In recognition of International Day of People with Disability, held annually on 3 December, we asked our CQUni students who have accessed our Student Accessibility and Equity service to share their success stories. This year’s theme is seeing the ability in disability.
Our first student, Kat Williamson, is a Bachelor of Laws student. While studying at CQUni, Kat has maintained a high GPA, become involved in clubs and achieved her goals whilst managing a disability.
We spoke to Kat and asked her to share her story…
Tell us a little about your strengths, abilities and achievements as a student.
In my first year, I managed a 6.2 GPA. It was only achievable through sheer guts, determination and pure team effort. To study online, whilst working, raising a family and dealing with a new disability is daunting but by focusing on our strengths and utilising the support at CQUni, it has made it easier to focus on what I do well and not what I am unable to do.
My biggest challenge was to accept my new normal. I needed to adapt to my physical ability and have the courage to ask for help. Asking for help does not mean you are defeated.
A team effort consists of love and support from your family, great lecturers, and a support team of many therapists which are a testament to my results.
I also become a member of the CQUni Law society. In October I represented CQUni at the QILS Intervarsity Law Competition and my cohort colleague Izzie and I came runners up in the Client Interview. I am very proud to represent CQUni.
What other achievements are you proud of or are working towards outside of studies?
I dream of being able to ride my horses again. I miss the freedom, the wind in my hair and of course that loveable horse smell on my clothes. The freedom horse riding provides me is a necessity for my mental health.
The grey horse is my mare Lucy, The bay (brown) is Thomas the stock horse and the pretty Barbie horse is my palomino Buddy Forest Gump.
My success at university motivates me to keep pursuing my outside goals despite the challenges.
What tools or supports help you achieve your study goals?
I use Dragon Speaking software. I can now operate my computer without my hands and to dictate my assessments. It takes about 16 hours to program, but I am now reaping those rewards.
I will point out that at times I wear a neck traction brace on my bad days. Reading loads of case law is a bit of a challenge. I read on my massage table and lay face down. I am learning to be adaptable and inventive.
The best tool of support is my CQUni Accessibility Consultant, Natalie. Nat allows me to vent my frustrations and she provides support and advice to those annoyances, she is great to bounce ideas off, laugh with and allows me to still smile whilst working out what is and is not achievable.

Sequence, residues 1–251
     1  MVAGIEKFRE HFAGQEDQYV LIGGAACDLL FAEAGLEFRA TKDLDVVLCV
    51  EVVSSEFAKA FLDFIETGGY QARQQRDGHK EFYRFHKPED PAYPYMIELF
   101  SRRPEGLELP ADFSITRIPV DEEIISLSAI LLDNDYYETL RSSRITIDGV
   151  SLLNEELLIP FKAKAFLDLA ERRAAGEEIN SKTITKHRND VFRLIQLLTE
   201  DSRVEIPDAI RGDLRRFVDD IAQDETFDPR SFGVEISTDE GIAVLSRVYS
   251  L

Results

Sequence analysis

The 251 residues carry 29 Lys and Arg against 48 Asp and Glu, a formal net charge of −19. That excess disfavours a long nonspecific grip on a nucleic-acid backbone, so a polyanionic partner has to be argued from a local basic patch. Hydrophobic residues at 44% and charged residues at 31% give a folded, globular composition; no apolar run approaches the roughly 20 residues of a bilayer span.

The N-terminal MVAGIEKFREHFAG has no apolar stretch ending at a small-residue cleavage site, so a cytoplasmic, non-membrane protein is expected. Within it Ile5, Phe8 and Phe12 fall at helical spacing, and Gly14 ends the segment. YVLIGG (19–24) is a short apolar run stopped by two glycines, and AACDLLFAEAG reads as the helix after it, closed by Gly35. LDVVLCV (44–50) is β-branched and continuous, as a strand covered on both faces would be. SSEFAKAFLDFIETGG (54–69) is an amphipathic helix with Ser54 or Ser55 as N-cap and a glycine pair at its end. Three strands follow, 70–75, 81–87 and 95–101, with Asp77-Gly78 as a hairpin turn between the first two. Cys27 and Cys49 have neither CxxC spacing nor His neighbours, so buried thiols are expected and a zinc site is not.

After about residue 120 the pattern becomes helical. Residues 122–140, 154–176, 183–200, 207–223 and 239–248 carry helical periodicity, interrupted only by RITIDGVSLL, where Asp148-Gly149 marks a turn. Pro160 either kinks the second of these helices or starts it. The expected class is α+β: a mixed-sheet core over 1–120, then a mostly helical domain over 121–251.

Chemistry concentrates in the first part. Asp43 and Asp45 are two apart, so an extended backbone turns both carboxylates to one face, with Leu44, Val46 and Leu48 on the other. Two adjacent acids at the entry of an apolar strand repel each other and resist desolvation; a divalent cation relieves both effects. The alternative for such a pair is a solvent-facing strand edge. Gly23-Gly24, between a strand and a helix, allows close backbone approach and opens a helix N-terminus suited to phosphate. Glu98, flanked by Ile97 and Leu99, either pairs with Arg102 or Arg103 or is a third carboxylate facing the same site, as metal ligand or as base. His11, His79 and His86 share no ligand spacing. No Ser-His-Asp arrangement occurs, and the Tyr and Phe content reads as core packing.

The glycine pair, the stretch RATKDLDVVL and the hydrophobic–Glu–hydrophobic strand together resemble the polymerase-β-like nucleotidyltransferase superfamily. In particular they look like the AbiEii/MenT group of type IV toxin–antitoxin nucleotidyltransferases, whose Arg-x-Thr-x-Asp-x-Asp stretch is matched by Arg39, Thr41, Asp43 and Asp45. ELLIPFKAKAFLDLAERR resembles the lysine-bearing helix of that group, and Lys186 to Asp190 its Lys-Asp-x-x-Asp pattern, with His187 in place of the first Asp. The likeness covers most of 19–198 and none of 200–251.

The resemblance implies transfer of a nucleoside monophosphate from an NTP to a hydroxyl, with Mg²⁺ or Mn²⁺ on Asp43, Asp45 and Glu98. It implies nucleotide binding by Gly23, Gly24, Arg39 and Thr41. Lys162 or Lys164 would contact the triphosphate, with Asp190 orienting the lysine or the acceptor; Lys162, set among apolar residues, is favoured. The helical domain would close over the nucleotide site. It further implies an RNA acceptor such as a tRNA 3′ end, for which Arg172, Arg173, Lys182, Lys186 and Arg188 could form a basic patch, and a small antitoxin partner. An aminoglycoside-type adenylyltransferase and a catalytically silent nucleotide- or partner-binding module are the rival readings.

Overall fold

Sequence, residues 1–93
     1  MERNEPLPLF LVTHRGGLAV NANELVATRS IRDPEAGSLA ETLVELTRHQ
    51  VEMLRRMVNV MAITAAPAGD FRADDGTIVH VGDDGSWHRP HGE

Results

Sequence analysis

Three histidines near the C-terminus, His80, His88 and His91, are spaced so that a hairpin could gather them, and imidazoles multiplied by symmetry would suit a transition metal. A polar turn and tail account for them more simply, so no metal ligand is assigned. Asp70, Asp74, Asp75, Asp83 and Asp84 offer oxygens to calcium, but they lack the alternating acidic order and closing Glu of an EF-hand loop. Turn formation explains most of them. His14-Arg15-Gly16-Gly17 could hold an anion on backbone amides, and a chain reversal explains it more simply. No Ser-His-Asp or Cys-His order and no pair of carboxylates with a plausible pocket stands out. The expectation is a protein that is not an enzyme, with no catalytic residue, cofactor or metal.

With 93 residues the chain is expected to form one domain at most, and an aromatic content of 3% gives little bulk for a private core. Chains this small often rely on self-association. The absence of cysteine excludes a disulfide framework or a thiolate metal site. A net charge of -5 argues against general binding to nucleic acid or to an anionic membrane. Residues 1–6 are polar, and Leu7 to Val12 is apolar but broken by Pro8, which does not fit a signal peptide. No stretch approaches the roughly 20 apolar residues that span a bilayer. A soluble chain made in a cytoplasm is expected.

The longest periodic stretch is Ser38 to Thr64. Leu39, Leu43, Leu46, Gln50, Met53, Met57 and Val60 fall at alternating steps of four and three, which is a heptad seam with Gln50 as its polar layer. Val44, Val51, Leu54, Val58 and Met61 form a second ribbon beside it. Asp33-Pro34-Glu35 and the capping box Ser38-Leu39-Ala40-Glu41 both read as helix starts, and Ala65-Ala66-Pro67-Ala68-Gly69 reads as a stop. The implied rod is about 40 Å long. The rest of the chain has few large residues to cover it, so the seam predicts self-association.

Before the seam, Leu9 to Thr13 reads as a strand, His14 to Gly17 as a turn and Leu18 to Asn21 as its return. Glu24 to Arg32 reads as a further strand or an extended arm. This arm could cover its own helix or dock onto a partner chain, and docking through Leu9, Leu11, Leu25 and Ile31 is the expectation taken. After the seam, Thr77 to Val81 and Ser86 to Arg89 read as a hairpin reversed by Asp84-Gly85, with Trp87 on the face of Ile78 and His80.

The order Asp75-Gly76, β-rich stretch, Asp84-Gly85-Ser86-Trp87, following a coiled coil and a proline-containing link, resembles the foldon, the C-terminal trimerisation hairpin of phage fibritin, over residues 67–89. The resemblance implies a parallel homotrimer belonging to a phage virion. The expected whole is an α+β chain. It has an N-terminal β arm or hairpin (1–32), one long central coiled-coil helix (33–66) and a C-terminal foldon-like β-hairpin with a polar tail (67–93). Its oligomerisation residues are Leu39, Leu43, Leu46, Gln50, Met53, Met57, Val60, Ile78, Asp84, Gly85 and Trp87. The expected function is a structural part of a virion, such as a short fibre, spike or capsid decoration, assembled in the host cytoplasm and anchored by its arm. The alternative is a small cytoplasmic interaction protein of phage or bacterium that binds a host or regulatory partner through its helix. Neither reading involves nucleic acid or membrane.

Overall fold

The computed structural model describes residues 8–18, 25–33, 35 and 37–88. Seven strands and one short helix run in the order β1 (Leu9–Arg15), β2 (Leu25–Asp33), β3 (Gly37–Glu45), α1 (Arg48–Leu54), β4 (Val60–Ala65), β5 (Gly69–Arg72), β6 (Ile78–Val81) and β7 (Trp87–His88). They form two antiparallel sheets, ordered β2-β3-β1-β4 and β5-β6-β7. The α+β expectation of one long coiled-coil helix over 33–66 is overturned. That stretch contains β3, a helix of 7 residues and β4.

What do you hope to achieve when you graduate?
I am going to be a registered Family Dispute Resolution Practitioner and aid families in the process of separation, divorce and to avoid the court process. I want to continue my advocacy work as a Coronial Advocate, and assist families in Inquests, be a driving force behind legislation changes to Child Protection and Safety.
One thing you’d like others to see differently about abilities/disability?
That all students no matter what their ability is, they can be successful. I believe in unlocking the potential from within every student with educational pathways that are adaptable – the key to being successful is setting and achieving realistic goals.
What can CQUni do as an institution to see the ability in disability?
Rural students with a disability do not need to leave home to study. As a leader in online education, CQUni has made it possible for rural students living with a disability to study from home. CQUni has a range of support services and opportunities for students with disabilities. There are endless possibilities. I see CQUni as being a driving force behind rural tertiary education for its accessibility students.
International Day of People with Disability (IDPwD)
IDPwD is a United Nations observed day celebrated internationally. It aims to increase public awareness, understanding and acceptance of people with disability and celebrate their achievements and contributions.
Information on how you can get involved in the day as an individual or organisation and how to break down barriers (both structural and attitudinal) for people with disability can be found online.
If you want to get involved with this day at CQUni, reach out to our Student Accessibility and Equity team.
This blog was written by Kat Williamson.